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Permanent link to this article: http://writingitrightforyou.com/home/2014/02/06/collaborating-on-a-manuscript-with-basecamp-and-scrivener/

Jan 27

Scrivener is the #1 App for All of my Writing Projects

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I am a writer. I am an editor. I am a manuscript preparer and an eBook publisher. I am a social media marketing and branding consultant. For all of those roles that I manage for my three businesses, I do a lot of writing. I write on my MacBook Air from my home office and my MacBook Pro from my Midtown Detroit office. Away from my offices, I write my iPad2 and iPad Mini.

When I write short, often internal documents, I use Google Docs and Google Drive. Most of my clients send me documents in Word, Excel, and PowerPoint, the global gold standard contained in the Microsoft Office Suite; I use those programs in Office for Mac 2011, which integrates (almost) perfectly with the PC/Windows version. Sometimes I use Pages, Keynote, and Numbers in the Apple iWorks Office Suite, mostly because the apps are fun to use (and now free in iOS). For now however, for the majority of my original writing and editing I do for myself and for my clients, I use Scrivener, the popular application designed especially for writers.

Scrivener is not a “word processor”, it is a writing tool. What is the difference? Scrivener was designed just for writers, who are, for the most part, right-brained “creatives”. Scrivener includes several features that allow writers to plan, organize, view, edit, and write in whatever structure they are most comfortable. Completed Scrivener projects can be exported in many formats, including for eBooks.

MacBook Pro Available in 15.4- and 17-inch dia...

MacBook Pro (Photo credit: Wikipedia)

I use Scrivener to write my blog posts, my articles, my eBooks and books, my courses, my marketing materials, and my podcast scripts.

In a future post of my “Apps I Use” series, I will give you a more complete narrative of the app and how I use it for my businesses, but right now I have several client projects to finish. All of them have been uploaded to my Scrivener account, which I can access on both of my MacBooks.

This is going to be fun. If you need the assistance of the professional writers and editors at Writing It Right For You, contact us and we’ll get right back to you!

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Permanent link to this article: http://writingitrightforyou.com/home/2014/01/27/scrivener-is-the-1-app-for-all-of-my-writing-projects/

Dec 08

12 REALLY Bad Analogies Written by High School Students

In my previous career, I taught English and Language to all grades from pre-school through college, including high school. This list made me laugh so hard, because I am seen so many examples like these.

The expert writers and editors at Writing It Right For You can help you to avoid funny but embarrassing analogies, contact us! But in the meantime, enjoy!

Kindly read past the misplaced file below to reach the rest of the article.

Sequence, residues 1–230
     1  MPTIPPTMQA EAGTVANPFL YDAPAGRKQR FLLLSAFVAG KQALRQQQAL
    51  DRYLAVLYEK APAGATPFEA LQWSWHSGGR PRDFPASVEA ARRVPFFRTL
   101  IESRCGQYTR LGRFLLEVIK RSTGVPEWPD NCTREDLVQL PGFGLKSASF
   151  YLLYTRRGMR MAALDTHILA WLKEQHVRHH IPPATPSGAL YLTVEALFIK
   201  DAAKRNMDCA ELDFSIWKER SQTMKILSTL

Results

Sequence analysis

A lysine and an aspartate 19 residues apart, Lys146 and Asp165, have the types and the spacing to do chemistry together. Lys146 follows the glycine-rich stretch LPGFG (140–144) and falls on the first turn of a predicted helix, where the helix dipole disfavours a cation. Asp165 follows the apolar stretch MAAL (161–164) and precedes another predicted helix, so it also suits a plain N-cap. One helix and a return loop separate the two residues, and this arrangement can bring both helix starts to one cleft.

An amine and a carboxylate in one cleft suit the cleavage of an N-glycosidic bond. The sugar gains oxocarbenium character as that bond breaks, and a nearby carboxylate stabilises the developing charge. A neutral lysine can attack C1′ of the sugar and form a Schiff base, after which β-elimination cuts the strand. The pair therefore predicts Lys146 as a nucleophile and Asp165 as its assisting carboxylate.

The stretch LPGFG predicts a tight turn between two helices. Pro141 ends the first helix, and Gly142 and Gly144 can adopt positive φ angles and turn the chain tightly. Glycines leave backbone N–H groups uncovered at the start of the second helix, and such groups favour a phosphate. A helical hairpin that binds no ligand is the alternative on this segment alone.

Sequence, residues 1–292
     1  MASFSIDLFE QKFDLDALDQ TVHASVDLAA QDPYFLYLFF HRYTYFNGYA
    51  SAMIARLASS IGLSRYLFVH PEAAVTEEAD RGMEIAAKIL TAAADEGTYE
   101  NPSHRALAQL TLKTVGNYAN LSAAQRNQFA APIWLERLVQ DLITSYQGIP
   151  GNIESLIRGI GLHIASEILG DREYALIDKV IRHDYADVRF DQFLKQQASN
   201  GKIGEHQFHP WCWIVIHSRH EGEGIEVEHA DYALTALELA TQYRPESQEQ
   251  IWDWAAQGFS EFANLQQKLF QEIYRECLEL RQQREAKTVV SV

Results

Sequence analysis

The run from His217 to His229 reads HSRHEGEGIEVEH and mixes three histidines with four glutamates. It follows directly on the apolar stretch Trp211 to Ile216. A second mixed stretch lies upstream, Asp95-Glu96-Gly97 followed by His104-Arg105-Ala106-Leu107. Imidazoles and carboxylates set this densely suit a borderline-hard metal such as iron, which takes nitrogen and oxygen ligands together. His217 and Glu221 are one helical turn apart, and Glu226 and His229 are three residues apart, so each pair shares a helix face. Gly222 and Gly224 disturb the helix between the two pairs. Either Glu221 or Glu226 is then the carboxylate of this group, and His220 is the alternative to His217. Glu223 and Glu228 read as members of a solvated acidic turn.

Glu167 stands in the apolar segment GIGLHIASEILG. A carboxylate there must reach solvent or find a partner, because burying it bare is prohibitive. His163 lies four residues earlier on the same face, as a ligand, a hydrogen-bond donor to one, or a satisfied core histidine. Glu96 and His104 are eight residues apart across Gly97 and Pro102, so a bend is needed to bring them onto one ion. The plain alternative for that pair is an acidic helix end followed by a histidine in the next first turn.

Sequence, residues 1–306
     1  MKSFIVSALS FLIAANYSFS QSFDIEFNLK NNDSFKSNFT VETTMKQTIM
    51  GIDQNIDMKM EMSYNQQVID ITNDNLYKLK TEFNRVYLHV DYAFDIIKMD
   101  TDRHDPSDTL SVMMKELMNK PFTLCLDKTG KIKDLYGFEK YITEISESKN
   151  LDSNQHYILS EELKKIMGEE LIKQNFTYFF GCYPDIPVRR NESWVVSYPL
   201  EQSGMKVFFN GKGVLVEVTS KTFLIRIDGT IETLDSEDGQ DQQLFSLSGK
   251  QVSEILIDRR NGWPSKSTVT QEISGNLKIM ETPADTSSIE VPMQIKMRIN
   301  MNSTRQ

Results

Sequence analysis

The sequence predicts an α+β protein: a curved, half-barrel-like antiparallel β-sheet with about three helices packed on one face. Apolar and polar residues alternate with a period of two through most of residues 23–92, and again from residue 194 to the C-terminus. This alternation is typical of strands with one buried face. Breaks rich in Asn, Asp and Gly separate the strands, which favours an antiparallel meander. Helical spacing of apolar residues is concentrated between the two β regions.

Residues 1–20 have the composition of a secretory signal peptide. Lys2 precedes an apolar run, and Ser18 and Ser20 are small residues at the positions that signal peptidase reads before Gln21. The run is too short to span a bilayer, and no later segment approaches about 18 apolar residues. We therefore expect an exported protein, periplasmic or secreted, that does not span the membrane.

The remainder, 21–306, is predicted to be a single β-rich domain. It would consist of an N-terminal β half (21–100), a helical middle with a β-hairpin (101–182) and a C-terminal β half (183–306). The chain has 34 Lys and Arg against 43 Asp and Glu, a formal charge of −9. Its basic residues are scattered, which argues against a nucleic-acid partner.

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Permanent link to this article: http://writingitrightforyou.com/home/2012/12/08/12-really-bad-analogies-written-by-high-school-students/

Dec 03

NaBloPoMo: Day 1–At What Do I Consider Myself a Pro?

Today is Day #1 of the December NaBloPoMo–National Blog Posting Month.

I believe that I am prolific in several areas, but since the theme for this month is “work”, I will state that I am quite the “pro” with the English language. My Master’s Degree and my expertise in English grammar, usage, editing, and academic and business writing led me to start my own business: Writing It Right For You. A few years later, with three excellent partners, I started a related business: Detroit Ink Publishing, which helps writers and authors to prepare and self-publish their work.

For example, when I saw the original title of today’s post: “What Do You Consider Yourself a Pro At?”, I knew that I had to correct the title, because it ends with a preposition. That is a definite “no-no”! When I was a child, if I ended a question with a preposition, such as “Where is my pencil at?”, my mother would answer: “Behind the preposition ‘at’”, and she would never answer the question!

My favorite quote about ending sentences or questions with prepositions was uttered by the late British Prime Minister Sir Winston Churchill, who huffed: “Ending a sentence with a preposition is something up with which I will not put!” My English Grammar Hero!

I taught English in public and private schools and at the college level for many years, and I also had a long career in consultative sales. I feel quite blessed that I was able to combine two areas in which I have proficiency to make a new career and new self-employment for myself.

“It Matters How You Say It!”

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Writing It Right For You

This is cross-posted at my BlogHer Page.

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Permanent link to this article: http://writingitrightforyou.com/home/2012/12/03/nablopomo-day-1-at-what-do-i-consider-myself-a-pro/